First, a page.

Police release video of officer tasing alleged shoplifter at Glendale Walmart
GLENDALE, AZ (3TV/CBS 5) — During a Wednesday press conference, police released body-cam footage of an officer using a taser on a woman suspected of shoplifting at a Walmart in Glendale. Police say the woman was resisting arrest when the officer decided to use his taser.
The incident happened on Tuesday at a Walmart near 55th and Northern avenues. Glendale police spokesperson Officer Gina Winn says around 1:30 p.m., an off-duty officer in his uniform was working with the store’s Loss Prevention team when he was notified of a shoplifter inside the store. The store associate told the officer a woman was seen reportedly stuffing clothing and jewelry into her bag, Winn said.
The body-cam video shows the officer and a Walmart employee confronting the woman. Sgt. Randy Stewart said the officer immediately went for her right arm to arrest her after seeing a brass knuckle and pepper spray hanging from her bag.
The video shows the officer trying to twist the woman’s arm behind her back to cuff her. “Whoa, whoa, whoa, I’m going. Can you please stop?” she says.
The officer told her that she was under arrest. She then went to the ground and faced the officer, seemingly confused why the officer grabbed her. The officer told the woman multiple times to place her arms behind her back because she was under arrest. ”Put your arm behind your back,” he said.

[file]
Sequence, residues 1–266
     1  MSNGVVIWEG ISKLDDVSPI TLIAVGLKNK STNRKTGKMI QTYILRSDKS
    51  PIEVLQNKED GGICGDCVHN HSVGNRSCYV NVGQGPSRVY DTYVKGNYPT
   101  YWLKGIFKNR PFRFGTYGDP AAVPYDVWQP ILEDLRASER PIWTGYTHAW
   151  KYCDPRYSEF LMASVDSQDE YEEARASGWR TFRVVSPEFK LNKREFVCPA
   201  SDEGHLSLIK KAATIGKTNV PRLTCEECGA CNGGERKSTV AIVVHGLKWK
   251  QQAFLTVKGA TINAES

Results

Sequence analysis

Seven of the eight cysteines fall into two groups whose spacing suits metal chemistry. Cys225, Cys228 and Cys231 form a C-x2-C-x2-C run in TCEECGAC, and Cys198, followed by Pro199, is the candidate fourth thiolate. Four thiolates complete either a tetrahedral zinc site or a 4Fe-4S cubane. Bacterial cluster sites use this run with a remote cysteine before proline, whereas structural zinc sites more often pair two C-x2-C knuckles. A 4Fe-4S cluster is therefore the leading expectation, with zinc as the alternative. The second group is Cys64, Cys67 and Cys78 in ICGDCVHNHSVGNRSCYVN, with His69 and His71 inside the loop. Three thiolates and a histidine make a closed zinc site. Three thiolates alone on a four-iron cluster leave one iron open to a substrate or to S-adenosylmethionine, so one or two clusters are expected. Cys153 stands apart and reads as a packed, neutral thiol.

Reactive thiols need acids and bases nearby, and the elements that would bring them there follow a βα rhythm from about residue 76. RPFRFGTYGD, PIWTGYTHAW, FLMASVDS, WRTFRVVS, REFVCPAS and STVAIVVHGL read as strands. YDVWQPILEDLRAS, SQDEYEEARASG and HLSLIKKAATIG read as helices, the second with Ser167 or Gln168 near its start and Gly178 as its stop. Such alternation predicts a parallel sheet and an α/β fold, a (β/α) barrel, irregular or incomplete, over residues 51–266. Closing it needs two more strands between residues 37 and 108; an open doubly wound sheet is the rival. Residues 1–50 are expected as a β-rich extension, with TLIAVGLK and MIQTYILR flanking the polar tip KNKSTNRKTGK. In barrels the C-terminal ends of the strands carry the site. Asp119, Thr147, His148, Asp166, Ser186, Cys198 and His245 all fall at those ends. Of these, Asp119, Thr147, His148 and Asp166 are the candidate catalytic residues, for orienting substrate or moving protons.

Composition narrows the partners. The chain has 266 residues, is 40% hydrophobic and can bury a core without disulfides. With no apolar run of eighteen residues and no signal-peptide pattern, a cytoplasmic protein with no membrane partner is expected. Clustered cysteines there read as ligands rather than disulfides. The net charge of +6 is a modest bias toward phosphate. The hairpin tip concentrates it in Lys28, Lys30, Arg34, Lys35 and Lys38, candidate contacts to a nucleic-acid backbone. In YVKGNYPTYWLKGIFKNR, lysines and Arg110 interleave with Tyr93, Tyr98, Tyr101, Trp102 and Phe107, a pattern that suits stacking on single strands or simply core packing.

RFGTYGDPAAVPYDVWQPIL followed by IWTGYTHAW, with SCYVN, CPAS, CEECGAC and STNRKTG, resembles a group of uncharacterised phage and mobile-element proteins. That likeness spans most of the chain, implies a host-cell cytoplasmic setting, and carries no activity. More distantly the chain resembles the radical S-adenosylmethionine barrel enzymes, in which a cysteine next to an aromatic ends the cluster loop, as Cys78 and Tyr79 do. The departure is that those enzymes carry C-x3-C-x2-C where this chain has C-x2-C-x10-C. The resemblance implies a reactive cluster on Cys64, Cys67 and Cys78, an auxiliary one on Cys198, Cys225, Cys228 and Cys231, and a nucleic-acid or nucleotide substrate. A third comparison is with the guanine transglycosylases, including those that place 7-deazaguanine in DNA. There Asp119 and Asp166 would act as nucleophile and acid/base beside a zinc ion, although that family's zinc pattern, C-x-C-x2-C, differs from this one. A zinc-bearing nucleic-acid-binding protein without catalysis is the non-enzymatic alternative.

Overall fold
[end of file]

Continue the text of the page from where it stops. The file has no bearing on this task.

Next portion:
However, police say the woman ignored the officer’s commands and refused to be handcuffed. “What are you doing? I haven’t even left the store!” she yelled. She then appears to be on the phone, telling someone, “they’re [expletive] crazy. This cop is like tackling me!” The officer tried to turn the woman around on the ground, but she resisted and continued talking on the phone. It is unknown if she was actually on the phone with anyone.
Officer Winn says this was when the officer pulled out his Taser 7 to get the woman to comply. “Do you want to get tased?” he asked. “I don’t need to be tased,” she tells the officer. “Dude, please come in here they’re going to like tase me,” she says on the phone. The officer then tases her as she begins screaming. She begins to tell the officer she gets seizures and continues screaming. “Somebody help me!” she yells as the officer tases her again, and she starts kicking and scratching.
The electroshock weapon was set to “drive stun,” Winn says, which causes pain but not incapacitation. Winn added the weapon was activated 14 times for a total of about 10 seconds. However, this does not mean she was shocked continuously for 10 seconds or 14 times. The video shows the officer using the taser some of the time, and the longest continuous shock lasted about 3 seconds, according to Winn.
Once the officer was able to fully handcuff the woman, he noticed she was having a medical issue and contacted paramedics. Sgt. Randy Stewart says a taser using its probes, which would attach to the upper and lower body, could cause a medical episode. However, he said the shock didn’t cause the medical issue. The woman was taken to a nearby hospital and was shortly released and booked into Glendale jail.
During the press conference, Officer Winn says the department has taser policies only for suspects resisting arrest and not for misdemeanors and felonies. She added the use of the taser would depend on the situation.
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